The British Polling Council recently published their report about what went wrong with the polls in the 2015 general election. The report dismissed problems associated with voter registration, question wording, postal voting and mode of interviewing and opted for unrepresentative samples as the key factor in explaining what happened. Here, Paul Whiteley and Harold Clarke make the case for examining another factor: respondents who don’t tell the truth.
For statisticians, random samples are the ‘gold standard’ if one wants to get an accurate picture of how people will vote. The theory is straightforward: if every voter has an equal chance of ending up in the sample – no matter how small – then that sample should give us an accurate picture of the electorate. No significant group of people will be left out because they all have a chance of being interviewed. In contrast, quota samples require interviewers to find groups of respondents with combinations of socio-demographic characteristics that match census profiles of population sub-groups. By doing so, quota samples attempt to mimic random samples but, as any statistician will quickly argue, they are not the same.
So, how do the pollsters go about getting random samples? One method used in telephone surveys is to dial numbers at random and in theory this should provide the desired sample, albeit of people with telephones. Unfortunately, response rates for such exercises are now very poor, in some cases falling below 10 per cent. People increasingly screen out marketing calls or merely hang up the phone regarding telemarketing as a nuisance. So achieved samples are very different from the ideal of a random sample. It is quite heroic to assume that the small percentage of people who do grant a phone interview are a random subsample of those who were originally contacted.
A similar point can be made about surveys conducted by interviewers in the respondent’s home – so-called face-to-face surveys. The samples for these are selected randomly but they increasingly fail to interview many of the people on the list, which produces a biased sample. An example of this is the 2015 British Election Study which achieved a response rate of only 55.9 per cent in its face-to-face survey conducted after the election. This is well down on the response rates achieved by the study thirty years ago. Nor is this just a British problem. The response rate for the 2012 American National Election Study was only 38 per cent. Again, it is difficult to imagine that those who do participate in face-to-face surveys are a completely random sub-sample of the original sample chosen for an interview.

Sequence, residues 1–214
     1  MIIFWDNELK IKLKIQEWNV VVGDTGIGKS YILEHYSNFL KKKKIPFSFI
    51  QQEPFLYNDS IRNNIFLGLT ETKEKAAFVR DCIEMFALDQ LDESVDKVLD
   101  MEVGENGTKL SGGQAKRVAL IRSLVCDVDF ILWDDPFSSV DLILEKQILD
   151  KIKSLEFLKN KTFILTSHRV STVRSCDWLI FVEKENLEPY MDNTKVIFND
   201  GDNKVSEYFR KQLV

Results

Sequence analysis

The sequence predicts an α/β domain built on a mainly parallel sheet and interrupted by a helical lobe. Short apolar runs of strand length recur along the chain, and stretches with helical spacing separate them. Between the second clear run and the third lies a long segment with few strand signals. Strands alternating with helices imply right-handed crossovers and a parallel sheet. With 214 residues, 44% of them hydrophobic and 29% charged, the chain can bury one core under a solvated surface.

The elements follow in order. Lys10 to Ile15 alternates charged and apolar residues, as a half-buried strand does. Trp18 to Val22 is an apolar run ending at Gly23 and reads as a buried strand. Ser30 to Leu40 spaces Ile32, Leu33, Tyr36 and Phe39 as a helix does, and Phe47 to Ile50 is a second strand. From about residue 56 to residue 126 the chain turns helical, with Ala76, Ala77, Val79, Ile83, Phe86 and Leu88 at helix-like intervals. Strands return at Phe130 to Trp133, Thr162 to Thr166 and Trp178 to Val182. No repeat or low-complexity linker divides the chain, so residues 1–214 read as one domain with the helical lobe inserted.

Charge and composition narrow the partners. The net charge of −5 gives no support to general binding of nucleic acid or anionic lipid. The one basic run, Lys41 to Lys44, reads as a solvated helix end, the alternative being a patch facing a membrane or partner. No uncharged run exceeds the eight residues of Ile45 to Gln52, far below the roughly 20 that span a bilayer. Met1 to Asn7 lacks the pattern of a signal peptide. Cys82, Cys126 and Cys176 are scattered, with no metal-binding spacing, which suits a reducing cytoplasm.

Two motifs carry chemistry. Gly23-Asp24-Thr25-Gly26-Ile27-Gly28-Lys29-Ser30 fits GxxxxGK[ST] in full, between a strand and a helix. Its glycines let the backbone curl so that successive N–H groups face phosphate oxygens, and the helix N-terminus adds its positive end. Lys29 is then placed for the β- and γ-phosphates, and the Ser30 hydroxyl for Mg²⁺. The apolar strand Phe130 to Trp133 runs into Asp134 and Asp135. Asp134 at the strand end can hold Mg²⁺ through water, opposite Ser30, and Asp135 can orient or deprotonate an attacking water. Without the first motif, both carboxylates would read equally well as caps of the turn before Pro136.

Internet surveys take a different approach and use quota samples, obtained by signing up people to do a certain number of surveys each month. These internet panels are usually very large and, not surprisingly, don’t tend to be fully representative of the population. Polling companies can deal with this problem in two ways. One is by selecting people from the panel in light of census information, data on media consumption patterns, and party support so that an achieved sample is steered in the direction of being representative of the country as a whole. A second approach is to weight the data afterwards, so called ‘post-stratification weighting’. There are a variety of schemes for doing this, but they all involve counting some hard-to-reach respondents as being more important than the easy-to-reach ones. Both of these strategies are used to try to approximate a random sample.